The thriving world of African art is rich with immensely talented creators. The continent of Africa has housed some of contemporary art’s most meaningful works, with famed artists like Alexander “Skunder” Boghossian forging an enormous impact on the genre. As a painter and beloved art teacher, Boghossian remains one of the most influential of African artists, even a decade after his passing. Collectors of African art, like Tunde Folawiyo and other art enthusiasts throughout the globe, may regard the works of Boghossian as some of the most moving of all African art works.
Born in Addis Ababa on 22 July 1937, Boghossian’s parents were of Armenian and Ethiopian descent. His father was an active participant in a resistance against Italy’s occupation, later becoming imprisoned as Boghossian was but a small child. Later, the painter was taught the art of Ge’ez script while attending kindergarten. During his primary/secondary schoolings, Boghossian received teachings by foreign tutors from Ethiopia and beyond. From this, he would acquire a fluency in several language including English, French, Amharic and Armenian. After studying art genres informally while attending Teferi Mekonnen, he began studying under watercolor painter Stanislas Chojnacki.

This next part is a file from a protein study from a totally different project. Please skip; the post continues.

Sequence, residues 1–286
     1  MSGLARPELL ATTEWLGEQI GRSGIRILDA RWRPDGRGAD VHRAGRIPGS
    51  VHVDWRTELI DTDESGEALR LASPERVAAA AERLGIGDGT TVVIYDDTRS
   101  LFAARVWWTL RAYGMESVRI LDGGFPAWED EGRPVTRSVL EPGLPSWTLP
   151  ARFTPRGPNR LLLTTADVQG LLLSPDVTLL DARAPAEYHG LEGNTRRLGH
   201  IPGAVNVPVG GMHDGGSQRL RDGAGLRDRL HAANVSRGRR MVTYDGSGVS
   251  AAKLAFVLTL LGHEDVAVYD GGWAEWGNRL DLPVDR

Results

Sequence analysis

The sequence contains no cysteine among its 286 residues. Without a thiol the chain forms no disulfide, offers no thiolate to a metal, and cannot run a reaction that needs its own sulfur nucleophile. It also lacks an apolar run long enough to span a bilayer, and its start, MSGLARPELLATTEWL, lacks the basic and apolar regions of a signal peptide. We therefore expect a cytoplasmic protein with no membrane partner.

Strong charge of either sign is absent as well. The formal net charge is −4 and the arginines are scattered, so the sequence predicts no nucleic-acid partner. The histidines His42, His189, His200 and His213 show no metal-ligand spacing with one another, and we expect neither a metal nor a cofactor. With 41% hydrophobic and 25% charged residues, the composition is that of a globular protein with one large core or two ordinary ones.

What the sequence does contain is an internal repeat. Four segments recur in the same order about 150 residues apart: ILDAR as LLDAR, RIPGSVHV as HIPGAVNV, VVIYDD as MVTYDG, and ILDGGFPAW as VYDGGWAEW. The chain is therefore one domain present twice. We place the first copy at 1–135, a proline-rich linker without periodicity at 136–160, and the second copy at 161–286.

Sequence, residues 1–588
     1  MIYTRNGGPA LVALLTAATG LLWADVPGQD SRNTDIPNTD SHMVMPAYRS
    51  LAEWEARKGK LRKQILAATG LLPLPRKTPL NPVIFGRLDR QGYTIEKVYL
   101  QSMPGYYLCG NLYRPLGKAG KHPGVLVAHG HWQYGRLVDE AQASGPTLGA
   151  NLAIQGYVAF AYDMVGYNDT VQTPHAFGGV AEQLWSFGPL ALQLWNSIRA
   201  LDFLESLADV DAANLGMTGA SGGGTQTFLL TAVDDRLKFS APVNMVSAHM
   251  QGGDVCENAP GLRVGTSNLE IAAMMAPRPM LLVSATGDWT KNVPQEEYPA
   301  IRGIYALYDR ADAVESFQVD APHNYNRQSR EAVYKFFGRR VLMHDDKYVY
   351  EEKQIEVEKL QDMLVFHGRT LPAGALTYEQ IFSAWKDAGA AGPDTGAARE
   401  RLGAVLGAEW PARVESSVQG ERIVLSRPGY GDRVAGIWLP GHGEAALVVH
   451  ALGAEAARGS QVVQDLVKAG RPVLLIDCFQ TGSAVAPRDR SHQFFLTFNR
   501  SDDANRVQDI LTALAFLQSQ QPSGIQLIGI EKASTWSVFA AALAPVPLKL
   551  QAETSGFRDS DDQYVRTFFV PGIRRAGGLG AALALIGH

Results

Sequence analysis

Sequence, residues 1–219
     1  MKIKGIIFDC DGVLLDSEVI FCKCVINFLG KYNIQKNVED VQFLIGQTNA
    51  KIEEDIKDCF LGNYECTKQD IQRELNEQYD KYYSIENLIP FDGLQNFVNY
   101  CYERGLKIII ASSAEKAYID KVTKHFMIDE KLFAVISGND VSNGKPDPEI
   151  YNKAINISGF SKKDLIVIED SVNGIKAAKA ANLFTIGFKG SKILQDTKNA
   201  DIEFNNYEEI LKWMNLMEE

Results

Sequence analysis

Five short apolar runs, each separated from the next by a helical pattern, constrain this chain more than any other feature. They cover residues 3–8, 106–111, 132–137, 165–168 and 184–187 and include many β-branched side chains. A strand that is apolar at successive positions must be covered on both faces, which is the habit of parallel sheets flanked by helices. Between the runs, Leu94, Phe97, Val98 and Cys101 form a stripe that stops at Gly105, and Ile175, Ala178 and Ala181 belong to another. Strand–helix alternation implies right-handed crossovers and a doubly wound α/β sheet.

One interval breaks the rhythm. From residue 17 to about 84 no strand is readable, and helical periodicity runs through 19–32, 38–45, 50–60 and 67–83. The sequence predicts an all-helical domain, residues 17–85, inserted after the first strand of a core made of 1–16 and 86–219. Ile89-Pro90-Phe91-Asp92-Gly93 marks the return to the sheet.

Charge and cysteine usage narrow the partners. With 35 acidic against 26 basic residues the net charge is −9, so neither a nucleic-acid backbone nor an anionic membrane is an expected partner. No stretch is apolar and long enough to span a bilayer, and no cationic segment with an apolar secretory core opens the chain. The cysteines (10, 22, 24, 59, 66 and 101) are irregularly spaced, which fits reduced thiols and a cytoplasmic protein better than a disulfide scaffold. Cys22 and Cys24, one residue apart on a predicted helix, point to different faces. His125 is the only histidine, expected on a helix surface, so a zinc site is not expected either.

Throughout his career, Boghossian was awarded many esteemed prizes. He won second place at Haile Selassie’s Jubilee Celebration during 1954. The following year, he acquired a scholarship to study abroad in Europe. With this, he spent over two years working and studying in London. After working at Slade School and Central School, Boghossian made the move to Paris where he would spend nine years teaching and studying. He ventured back home in 1966, teaching for Addis Ababa’s Fine Arts School until 1969. The artist became the first of Africa’s contemporary artists whose works were purchased by a leading institute in Paris during 1963. Three years later, New York’s Museum of Modern Art would acquire his famed painting, titled Juju’s Wedding, in 1964. Today, his creative works are housed in the permanent collections of several popular art institutions around the globe, including cities like Harlem, Washington D.C., New York and Paris. Beginning in 1972, he taught at Howard University before retiring from teaching in 2001.
Boghossian’s cultural impact remains as the millions who have beheld his moving works continue to be inspired. Tunde Folawiyo and others throughout Africa may regard his paintings as some of the most significant to have stemmed from the continent. With his achievements ever cemented in African history, the works of Boghossian will ever contribute to new eras of thrilling African art.